Great Republicans September 2020
Katja Bullock, American Patriot --By Deborah Lambert
All in all, life has been good to Katja Bullock, and her lifetime of multiple career achievements is a testament to the unrelenting work ethic of someone who loves what she’s doing.
In 1965, as a 22 year old college graduate with a pharmacy degree and a deep curiosity to find out about America, she immigrated from Germany to the U.S. and planned to stay here for a year to see what the country was like.
However, it didn’t take long for a series of life-altering opportunities and good fortune to make her realize that she might have to change her plans.
While working as a pharmacy assistant in Washington, DC, she met her future husband, Dr. Albert Bullock, whose dental office was in the same building. “After three dates, he asked me to marry him and we got married that year,” she recalls. Since the doctor was also an active member of the American Light Opera Company, the story goes that Katja fell in love with him during an emergency dental procedure when she was soothed by the strains of opera while Al Bullock worked on her teeth.
Earlier this year, Katja retired from more than 40 years of serving as Special Assistant to the President for Presidential Personnel during which she not only launched the careers of several generations of Republican job seekers, but also enjoyed the rare opportunity to observe first-hand the personalities and management style of four American presidents.
As far as presidential personnel offices are concerned, she concluded that they have a lot in common with each other. “Massive chaos during the first few months of an administration that eventually settles down into organized daily chaos. However, there was a difference in how each president viewed the personnel office,” as she explained below:
- Ronald Reagan gave us the outline of what he wanted to achieve during the Reagan Revolution, and trusted us to select the right people to make that happen.
- George H. W. Bush was focused on making the government run smoothly and did not want to make any waves – he just wanted the government to run smoothly. It was hard to recruit for that.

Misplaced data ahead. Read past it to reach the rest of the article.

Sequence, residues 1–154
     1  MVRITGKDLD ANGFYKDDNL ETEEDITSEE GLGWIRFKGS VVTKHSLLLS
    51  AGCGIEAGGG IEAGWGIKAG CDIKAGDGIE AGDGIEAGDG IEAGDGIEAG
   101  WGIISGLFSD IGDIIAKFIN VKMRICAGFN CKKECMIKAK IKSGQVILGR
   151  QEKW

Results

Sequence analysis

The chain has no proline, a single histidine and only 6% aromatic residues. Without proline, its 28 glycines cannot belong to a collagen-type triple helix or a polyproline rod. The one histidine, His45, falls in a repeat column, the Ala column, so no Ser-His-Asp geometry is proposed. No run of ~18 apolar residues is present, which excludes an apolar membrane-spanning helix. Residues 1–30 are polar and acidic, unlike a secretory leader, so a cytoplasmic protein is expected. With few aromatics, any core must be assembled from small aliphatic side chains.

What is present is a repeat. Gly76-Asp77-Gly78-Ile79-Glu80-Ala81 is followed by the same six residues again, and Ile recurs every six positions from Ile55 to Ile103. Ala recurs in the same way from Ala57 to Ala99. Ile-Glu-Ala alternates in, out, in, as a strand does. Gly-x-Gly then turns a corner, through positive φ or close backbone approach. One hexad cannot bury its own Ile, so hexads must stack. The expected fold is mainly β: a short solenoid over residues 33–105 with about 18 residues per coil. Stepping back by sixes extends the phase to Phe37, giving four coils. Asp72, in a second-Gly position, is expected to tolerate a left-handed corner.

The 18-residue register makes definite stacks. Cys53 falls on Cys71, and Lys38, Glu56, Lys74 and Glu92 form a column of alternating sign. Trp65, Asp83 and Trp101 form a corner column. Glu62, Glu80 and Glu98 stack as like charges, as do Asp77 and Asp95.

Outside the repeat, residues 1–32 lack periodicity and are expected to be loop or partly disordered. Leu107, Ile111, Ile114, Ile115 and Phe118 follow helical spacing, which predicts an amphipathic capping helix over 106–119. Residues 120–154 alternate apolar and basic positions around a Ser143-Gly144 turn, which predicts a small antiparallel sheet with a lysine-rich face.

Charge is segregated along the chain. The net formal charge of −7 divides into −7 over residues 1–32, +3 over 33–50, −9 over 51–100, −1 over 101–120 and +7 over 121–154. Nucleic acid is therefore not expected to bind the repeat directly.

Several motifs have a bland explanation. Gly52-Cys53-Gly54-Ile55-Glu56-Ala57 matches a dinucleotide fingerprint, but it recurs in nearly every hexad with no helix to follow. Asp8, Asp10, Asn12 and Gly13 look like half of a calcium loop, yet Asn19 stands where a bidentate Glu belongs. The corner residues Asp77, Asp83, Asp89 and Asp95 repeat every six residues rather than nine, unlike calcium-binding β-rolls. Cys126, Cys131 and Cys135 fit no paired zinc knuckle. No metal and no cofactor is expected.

- George W. Bush was all hands-on in the personnel business. He knew what every department and agency did. We had to submit the resumés of potential candidates to the President the night before our meetings. He studied them and then he peppered us with questions.
- President Trump was only interested in the financial, economic and international positions.
During a recent Q and A about her career, Katja noted that the ongoing high point of her position was “being able to sit in the Oval Office to present candidates for Senate confirmation to the President and Vice President of the USA. Not bad for an immigrant. . .”
Her most formidable challenge occurred in 2002 when she accepted an assignment in Iraq as the Director of Civilian Personnel. Her efforts there helped establish the Coalition Provisional Authority government, which restarted the government for the Iraqi people.
Katja also worked on the national campaigns for Presidents Reagan in 80 and 84, Bush in 88, 92, 2000 and 2004. While her numerous achievements during her longtime (ongoing) membership on the MOCO Central Committee include running the initial MOCO campaigns for Governor Ehrlich and Governor Hogan, Katja noted that she usually prefers to work behind the scenes and let others be the heroes.
After her retirement from the presidential personnel position earlier this year, Katja mentioned that while she won’t miss getting up at 5:30 am and commuting downtown, she hopes to continue making herself useful for the party.
On occasion, she also recalls a situation more than 30 years ago when her oldest brother, who claimed to be the family boss, came to the U.S. from Germany to visit her after her husband died and also to tell her that her American escapade was over, and she should return to Germany.
Not surprisingly, Katja responded by telling him that “my life is in this country – America has been so good to me – I would never leave.”
Deborah Lambert is a Member of the Republican Central Committee of Montgomery County and Editor of this MCGOP Newsletter.